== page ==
Custody and visitation are the legal terms in court ordered determinations of which parent the child lives with and the conditions for the child to visit the other parent.
This study shows that victims of domestic violence (DV) are greatly disadvantaged when states require mediation of child custody disputes. The investigators empirically evaluated outcomes and found that mediators failed to recognize and report DV in 56.9% of the DV cases. The court's screening form failed to indicate DV in at least 14.7% of the violent cases. Mediation resulted in poor outcomes for DV victims in terms of protections, such as supervised visitation and protected child exchanges. As a result, the capacity of mediators to focus on the child's best interest is called into question.
I share custody with my x-short term girl-friend. My daughter lives with herin Anytown, USA. I live in Portland OR. The mother is diagnosed bi-polar and I'm pretty sure she is doing drugs, amphetamines. My situation came to a head last night/ tonight when I saw her ex boyfriend/iv drug user/convicted sex offender go to her house.
Massachusetts was one of the first states to document the gender bias against women in family courts. This court-initiated study expressly found that "our research contradicted [the] perception" that "there is a bias in favor of women in these decisions." Moreover, it found that "in determining custody and visitation, many judges and family service officers do not consider violence toward women relevant." The Court's study further found that "the courts are demanding more of mothers than fathers in custody disputes" and that "many courts put the needs of noncustodial fathers above those of custodial mothers and children."
EXCERPT: After significant research, CA NOW declares the present family court system in California to be crippled, incompetent, and corrupt. The bias in the system results in pathologizing, punishing, and discriminating against women. The system leaves decisions, which should be made on facts in a courtroom, to extra-judicial public and private personnel. The system precludes the parties, particularly the mother, from her rights to due process, including a trial, long cause hearing, or adjudication, to which she is entitled, much less an appeal of these decisions. Mothers are coerced into stipulations through the rubber-stamping of definitive evaluations and reports, which become the court’s ruling. The present family law system in California exists to enrich attorneys and allied mental health and mental health professionals. This system allows mothers to be taken to court time after time, challenging what is in “the best interests of the child,” therefore subjecting them to a system that has no end for them or their children. In the most egregious cases, perfectly fit mothers who were the primary caretakers of their children lose custody to the fathers who are motivated by evading support obligations, and are often known abusers.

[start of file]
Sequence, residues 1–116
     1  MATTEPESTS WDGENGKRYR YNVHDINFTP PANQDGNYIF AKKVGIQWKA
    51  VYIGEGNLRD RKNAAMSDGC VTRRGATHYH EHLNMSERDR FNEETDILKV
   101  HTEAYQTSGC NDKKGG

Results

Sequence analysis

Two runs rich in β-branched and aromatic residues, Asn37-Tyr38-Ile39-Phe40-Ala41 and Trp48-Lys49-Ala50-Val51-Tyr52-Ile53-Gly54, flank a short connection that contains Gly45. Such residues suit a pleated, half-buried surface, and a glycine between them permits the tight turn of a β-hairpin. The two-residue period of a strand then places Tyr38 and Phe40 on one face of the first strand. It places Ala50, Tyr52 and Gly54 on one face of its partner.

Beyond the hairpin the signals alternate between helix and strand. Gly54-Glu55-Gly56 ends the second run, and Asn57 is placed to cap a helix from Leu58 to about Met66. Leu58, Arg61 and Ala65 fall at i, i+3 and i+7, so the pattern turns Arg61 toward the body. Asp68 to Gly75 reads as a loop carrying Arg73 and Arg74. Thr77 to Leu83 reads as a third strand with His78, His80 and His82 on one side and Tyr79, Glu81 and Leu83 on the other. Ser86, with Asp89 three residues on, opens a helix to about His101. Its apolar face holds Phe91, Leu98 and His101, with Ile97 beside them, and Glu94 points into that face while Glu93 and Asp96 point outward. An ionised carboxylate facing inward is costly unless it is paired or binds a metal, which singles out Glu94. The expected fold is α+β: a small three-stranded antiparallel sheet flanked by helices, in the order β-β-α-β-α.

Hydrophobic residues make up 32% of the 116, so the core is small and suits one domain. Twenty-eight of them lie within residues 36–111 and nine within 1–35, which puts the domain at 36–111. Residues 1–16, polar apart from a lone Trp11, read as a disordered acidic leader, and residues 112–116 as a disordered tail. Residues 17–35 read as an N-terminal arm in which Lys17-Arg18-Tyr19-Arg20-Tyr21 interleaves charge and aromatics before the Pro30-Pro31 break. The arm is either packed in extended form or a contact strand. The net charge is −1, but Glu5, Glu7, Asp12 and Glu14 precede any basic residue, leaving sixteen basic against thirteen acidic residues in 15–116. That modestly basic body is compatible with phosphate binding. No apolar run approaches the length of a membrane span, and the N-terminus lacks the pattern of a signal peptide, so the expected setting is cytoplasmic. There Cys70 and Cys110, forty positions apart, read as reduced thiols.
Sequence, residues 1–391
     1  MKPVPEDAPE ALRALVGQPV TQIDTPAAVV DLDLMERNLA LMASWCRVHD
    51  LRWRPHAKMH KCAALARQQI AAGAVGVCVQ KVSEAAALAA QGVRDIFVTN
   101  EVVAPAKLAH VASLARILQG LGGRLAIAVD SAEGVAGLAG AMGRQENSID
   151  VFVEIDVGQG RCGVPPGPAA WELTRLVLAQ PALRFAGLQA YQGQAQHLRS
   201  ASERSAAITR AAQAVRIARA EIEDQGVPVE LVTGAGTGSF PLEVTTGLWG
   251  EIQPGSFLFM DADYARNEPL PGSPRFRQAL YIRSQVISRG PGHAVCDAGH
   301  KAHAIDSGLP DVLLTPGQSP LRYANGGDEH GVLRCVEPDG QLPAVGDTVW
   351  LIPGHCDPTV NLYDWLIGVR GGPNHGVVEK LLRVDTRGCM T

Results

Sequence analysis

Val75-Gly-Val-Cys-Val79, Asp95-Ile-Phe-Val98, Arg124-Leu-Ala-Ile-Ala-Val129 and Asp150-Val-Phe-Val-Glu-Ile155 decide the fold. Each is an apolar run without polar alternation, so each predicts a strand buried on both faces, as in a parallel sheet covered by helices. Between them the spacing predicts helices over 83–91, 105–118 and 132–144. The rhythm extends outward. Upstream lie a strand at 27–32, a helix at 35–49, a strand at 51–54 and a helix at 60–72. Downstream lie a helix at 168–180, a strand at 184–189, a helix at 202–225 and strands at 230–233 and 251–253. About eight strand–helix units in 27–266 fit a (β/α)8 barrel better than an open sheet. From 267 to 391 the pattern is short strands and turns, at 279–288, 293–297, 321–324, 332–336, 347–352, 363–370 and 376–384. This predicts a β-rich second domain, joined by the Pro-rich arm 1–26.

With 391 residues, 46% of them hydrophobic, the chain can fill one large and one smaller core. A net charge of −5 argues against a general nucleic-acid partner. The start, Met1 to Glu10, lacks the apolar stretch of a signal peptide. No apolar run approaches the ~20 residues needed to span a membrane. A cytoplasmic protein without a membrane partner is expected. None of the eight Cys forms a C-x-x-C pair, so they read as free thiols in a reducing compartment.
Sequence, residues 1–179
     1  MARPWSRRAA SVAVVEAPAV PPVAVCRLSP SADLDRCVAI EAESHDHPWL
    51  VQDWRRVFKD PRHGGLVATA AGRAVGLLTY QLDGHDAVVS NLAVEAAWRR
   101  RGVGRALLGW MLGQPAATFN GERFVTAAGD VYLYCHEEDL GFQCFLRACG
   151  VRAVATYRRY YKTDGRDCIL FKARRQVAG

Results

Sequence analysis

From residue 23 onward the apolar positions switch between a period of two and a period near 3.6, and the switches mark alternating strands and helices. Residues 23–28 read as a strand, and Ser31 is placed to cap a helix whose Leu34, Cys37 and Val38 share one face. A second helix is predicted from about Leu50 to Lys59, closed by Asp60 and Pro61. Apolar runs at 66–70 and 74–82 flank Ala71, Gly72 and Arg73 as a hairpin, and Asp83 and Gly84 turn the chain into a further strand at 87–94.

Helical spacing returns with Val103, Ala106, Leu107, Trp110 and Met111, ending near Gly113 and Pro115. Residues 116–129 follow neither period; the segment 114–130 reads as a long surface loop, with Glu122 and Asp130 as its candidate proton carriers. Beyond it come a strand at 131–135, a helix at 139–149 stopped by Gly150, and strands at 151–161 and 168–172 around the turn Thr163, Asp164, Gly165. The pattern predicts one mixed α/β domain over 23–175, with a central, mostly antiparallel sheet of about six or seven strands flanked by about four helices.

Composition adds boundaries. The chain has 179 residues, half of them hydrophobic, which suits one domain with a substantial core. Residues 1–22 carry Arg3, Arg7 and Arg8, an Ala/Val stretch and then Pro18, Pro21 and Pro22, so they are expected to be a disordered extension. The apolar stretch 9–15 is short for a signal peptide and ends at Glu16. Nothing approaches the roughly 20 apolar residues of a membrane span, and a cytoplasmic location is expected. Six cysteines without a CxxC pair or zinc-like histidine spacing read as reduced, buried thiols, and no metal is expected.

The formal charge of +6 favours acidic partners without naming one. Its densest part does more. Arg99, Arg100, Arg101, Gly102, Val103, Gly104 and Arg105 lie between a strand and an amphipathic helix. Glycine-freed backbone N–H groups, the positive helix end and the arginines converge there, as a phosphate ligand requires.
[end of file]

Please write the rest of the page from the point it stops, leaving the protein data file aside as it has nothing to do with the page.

Noting that custody and visitation disputes appear to occur more frequently when there is a history of domestic violence. Family courts often do not consider the history of violence between the parents in making custody and visitation decisions. In this context, the nonviolent parent may be at a disadvantage, and behavior that would seem reasonable as a protection from abuse may be misinterpreted as a sign of instability. Psychological evaluators not trained in domestic violence may contribute to this process by ignoring or minimizing the violence and by giving inappropriate pathological labels to women's responses to chronic victimization. Terms such as `parental alienation' may be used to blame the women for the children's reasonable fear or anger toward their violent father." (p. 100).